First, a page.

This week, coffee titan Starbucks did something it hasn’t done since 1992. It changed its logo. But that wasn’t the biggest story. The biggest story was that the brand removed its trademark “Starbucks Coffee” wordmark that has encircled the centerpiece of the logo — a siren — since 1971.
My first thought was: “This was a very wrong move for Starbucks. They have just wrecked their iconic image — one that they have been building steadily for the past couple of decades.” I questioned whether anyone would be able to tell that this new logo represented Starbucks, and more importantly, that they would even recognize it.
Now, don’t get me wrong. I realize that one of the truly significant leaps a brand can make is to move to a wordless logo. But even more so, I realize that in order to do so, a brand has to be ready — meaning, the public has to be ready to embrace this logo. Apple has done it successfully. They have built a culture around their trademark white apple logo. But that’s because the company’s name is an apple. The same goes for Target. But, how does a siren represent Starbucks Coffee?
Surprisingly, when I polled a random sample of 20 people, much to my chagrin, all were able to recognize it as Starbucks. Even more surprisingly, although they recognized it, they were also fairly confused as to why it was done and still were unsure of how this siren represented the brand.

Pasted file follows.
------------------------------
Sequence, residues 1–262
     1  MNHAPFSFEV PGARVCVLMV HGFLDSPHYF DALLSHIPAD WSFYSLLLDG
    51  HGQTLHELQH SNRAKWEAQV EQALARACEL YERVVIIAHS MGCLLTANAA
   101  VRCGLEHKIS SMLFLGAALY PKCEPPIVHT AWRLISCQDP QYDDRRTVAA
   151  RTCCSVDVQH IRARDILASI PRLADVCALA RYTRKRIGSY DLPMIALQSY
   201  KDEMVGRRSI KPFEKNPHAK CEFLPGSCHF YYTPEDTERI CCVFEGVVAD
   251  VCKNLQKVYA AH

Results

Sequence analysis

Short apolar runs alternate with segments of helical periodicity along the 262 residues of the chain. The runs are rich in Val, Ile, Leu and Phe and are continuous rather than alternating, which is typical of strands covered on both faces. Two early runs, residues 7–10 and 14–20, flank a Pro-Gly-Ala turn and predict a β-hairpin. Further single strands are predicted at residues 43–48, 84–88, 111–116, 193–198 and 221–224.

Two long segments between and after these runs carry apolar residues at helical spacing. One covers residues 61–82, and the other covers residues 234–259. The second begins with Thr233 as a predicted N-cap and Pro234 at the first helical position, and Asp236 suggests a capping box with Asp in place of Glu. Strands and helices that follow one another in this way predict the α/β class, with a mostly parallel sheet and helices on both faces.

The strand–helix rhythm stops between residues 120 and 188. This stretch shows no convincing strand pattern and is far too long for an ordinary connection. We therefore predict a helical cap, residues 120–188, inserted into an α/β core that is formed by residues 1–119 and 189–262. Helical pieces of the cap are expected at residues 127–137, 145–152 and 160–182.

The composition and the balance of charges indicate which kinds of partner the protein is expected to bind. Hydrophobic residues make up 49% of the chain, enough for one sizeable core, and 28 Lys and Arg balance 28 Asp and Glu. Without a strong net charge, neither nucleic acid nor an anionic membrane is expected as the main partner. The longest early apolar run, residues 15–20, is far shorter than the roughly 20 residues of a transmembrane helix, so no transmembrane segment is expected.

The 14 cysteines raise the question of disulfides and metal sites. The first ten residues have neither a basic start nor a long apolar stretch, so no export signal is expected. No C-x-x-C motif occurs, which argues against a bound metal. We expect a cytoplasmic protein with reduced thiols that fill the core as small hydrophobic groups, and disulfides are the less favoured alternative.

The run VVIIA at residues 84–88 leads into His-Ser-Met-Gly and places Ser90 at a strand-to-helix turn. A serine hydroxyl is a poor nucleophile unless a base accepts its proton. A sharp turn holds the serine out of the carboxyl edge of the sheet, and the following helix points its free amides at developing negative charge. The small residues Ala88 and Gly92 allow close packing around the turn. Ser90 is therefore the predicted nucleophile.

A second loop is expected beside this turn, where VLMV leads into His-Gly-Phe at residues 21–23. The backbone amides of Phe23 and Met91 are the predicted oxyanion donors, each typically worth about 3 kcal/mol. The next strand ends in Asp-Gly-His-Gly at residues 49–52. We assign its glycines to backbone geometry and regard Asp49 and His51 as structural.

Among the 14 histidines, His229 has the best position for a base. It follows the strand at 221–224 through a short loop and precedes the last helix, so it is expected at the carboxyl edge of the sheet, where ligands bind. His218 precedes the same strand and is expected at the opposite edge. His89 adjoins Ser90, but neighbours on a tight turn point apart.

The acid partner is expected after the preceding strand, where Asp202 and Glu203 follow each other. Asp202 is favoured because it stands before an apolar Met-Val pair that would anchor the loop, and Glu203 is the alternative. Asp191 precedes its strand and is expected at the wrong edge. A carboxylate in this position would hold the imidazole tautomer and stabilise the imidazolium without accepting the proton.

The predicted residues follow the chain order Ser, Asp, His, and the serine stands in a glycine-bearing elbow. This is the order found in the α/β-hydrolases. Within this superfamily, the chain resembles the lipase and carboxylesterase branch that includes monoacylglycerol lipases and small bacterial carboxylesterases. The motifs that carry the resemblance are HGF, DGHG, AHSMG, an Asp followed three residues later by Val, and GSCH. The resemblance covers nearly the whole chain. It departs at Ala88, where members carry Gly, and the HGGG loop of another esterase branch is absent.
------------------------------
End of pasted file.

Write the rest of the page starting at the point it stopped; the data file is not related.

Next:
“I personally think that on its own, it looks just a tad odd – perhaps because I’m so used to how it is at the moment, and we can’t assume that areas less populated by Starbucks will automatically recognize the logo as well as those in large cities or in Seattle.” said Raven Harrell, an interactive media and web designer from Seattle. “On the other hand, I give Starbucks props for taking a step towards a wordless logo.”
Robert Padbury, director of design and user experience for Stipple Inc., agreed: “I think this is a great move. I don’t think that having the words “Starbucks Coffee” surrounding the logo is necessary anymore, because Starbucks is such a ubiquitous brand. I also think this will help the image of Starbucks, because the logo now stands on it’s own, resulting in a much more powerful presentation.”
But Jason Frazier, the owner of Jason Frazier Creative Design, countered that: “I don’t know that the refresh was necessarily a ‘smart’ move – or that it’s necessarily a move ‘forward.’ … I’m not too fond of the new look, but my main issue with it is aesthetic: it’s looks somewhat unfinished and containing less depth — almost like clip-art. The original felt very solid, and the fact that it contained the company name, to me, is what helps makes the more powerful statement.”
Whatever the case is, the general consensus seems to be one of acceptance, but not one of loving embrace. Starbucks’ reason for its logo change was to get away from being seen as a coffee brand, and to expand a bit more on its products and culture. Yet, one of the essential elements to smart marketing is never to spread your brand’s image too thin by expanding too far and losing sight of what made your brand iconic in the first place — in this case, coffee.
What will remain to be seen is just how this new expansion will affect Starbucks’ branding. It’s completely bold and daring, considering Starbucks is known as the juggernaut of coffeehouses, but it could just work if the brand’s marketing department is smart and play their cards right.
What do you think of Starbucks’ new logo change?